By Archana Sharma
For centuries, their creations have been used in sombre processions to commemorate and reconstruct the narrative of the 7th century Battle of Karbala in Islamic history. But now, these artists, mostly Shia Muslims, make Hindu wedding mandaps, replicating the design of the shrine of Prophet's grandson Imam Hussain Ali, who was killed in that war.
Hundreds of couples in the country have exchanged wedding vows under these mandaps, representing the replicas of the complex, housing one of the oldest mosques in the world and a holy site of Shia Muslims in the Iraqi city of Karbala. These replicas, also called tazia, which otherwise Shia mourners use during their annual Muharram processions, are also used for decorating venues of birthday parties.
The art of tazia making arrived in India from Central Asia and is said to have flourished during Mughal rule. One of these artisans, Mohammad Bilal Azhimuddin, speaking to IANS, said they were in Mumbai recently to design a Hindu marriage mandap at the Hotel Grand Hyatt there.
"Our clients wanted us to design something exquisite, which we did," he said, adding that caste and creed never comes into picture.
"Our designs have been used in Hindu weddings as well as in birthday parties of children. What clients love is the exquisite adorned minarets which have won millions of hearts and are making waves across the nation," he said.
Many art connoisseurs have also decorated their residences, offices, theme parties and corporate events with tazia-inspired minarets and lamps, he added.
Basically, these artisans make tazias during Muharram processions. As this symbolises sorrow to their community, they never charge any price for it. "It is a service to God," says Mohammad Bilal Azhimuddin, who learnt this craft from his father who was known as Azhimuddin Bhai (brother) in community circles.
Meanwhile, their socio-economic standards have witnessed a sudden rise as they started taking up commercial projects.
The fortunes of this tazia community changed when a leading designer of the country, Geetanjali Kaswaliwal, owner of globally reputed Anantaya which is committed to development of ideas using local crafts evolved over centuries, watched a tazia procession for the first time in Jaipur. Anantaya is known for showcasing Unesco award-winning luxury cutting-edge objects, furniture, textiles and accessories inspired by the culturally-rich artisanal world.
She was moved by the attractive presence of tazias on the streets. Soon after, when her husband's firm, AKFD Studio, got the order for making markers for the entire city during the Jaipur Virasat Heritage Festival 2007, she thought of using tazia-inspired designs for the city.
"We wanted to make something sculptural for this event to ensure guests bask in the glory of cultural craft. We created a huge structure of tazia. The task was commissioned to tazia artisans who were adept with the artistry associated with it. The project was headed by Azhimuddin bhai. With nine kids, he was keen to work with us and hence we had their designs and skills which helped them earn name, fame and revenue also," she told IANS.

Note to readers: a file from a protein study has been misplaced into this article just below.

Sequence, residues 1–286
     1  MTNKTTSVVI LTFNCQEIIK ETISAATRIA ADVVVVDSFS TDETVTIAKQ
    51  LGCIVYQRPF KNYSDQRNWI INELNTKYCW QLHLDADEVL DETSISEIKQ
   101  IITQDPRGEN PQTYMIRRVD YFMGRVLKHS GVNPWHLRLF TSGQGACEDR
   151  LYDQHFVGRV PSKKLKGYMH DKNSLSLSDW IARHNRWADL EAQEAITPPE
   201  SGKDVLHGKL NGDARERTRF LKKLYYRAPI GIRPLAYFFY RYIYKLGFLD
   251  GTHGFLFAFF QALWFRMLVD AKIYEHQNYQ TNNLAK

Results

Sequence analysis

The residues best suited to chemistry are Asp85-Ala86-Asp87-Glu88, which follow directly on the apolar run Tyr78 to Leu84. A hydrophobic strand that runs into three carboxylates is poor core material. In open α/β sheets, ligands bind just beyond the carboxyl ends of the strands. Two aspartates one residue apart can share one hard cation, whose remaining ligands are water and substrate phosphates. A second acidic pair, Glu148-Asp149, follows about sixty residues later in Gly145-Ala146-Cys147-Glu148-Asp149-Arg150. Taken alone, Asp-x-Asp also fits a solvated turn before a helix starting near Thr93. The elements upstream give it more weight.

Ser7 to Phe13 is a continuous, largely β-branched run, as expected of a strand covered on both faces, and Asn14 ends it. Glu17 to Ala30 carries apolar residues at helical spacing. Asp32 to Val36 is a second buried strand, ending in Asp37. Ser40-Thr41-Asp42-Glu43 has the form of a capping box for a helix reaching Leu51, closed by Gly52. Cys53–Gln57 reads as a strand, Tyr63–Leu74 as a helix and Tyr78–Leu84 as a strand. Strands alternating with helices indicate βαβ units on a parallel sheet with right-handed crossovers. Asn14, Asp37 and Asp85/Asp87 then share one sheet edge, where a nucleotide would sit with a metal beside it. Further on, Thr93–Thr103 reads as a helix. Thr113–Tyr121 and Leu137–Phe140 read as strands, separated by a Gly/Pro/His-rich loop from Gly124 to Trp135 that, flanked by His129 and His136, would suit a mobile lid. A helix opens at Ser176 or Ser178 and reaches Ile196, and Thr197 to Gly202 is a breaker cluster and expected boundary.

It was more like a pure engagement with these artisans who created impressive spheres. Even the tazia artisans enjoyed doing something innovative, said Kaswaliwal.
Later, she brought tazia-inspired designs to her house while celebrating birthday parties of her daughters. Instead of plastic balloons, tazia artisans decorated the venue with handmade craft. The big balloons and lamps were quite authentic which caught the attention of all those present.
Kaswaliwal ensured this art was taken to the next level and asked the artisans to decorate the wedding mandap of her sister's marriage solemnised in New Delhi in 2009.
"They did it with their heart and soul and the response was amazing. Everybody was talking of these designs and this is how their art gained wings and reached heights from where there was no looking back," she added.
"No one in our family had any resistance anywhere when my sister's wedding mandap was being designed by Muslim artisans. They loved their integrity and engagement with which they did the decor," she recalled.
There is another positive side to the story. The designs crafted by tazia artisans is via paper and bamboo which gives a strong message of sustainability and ecological balance.
When asked about remuneration, Bilal said it's the size of the mandap and party venue which defines their remuneration and the number of people also depends on the quantum of work.
"Seeing our work, we have received orders to design the Rajasthan Heritage Week Festival. Also, we did the design in 2009 when Art Institute of Chicago delegates were in India. We used bamboo-made sets which were praised a lot," said Bilal.
"What we love is the fact that people of all castes and communities admire our work -- and tell others about it. What else does a grassroots artisan want?" Bilal asked with a smile.
(The series is part of a positive-journalism project of IANS and the Frank Islam Foundation.)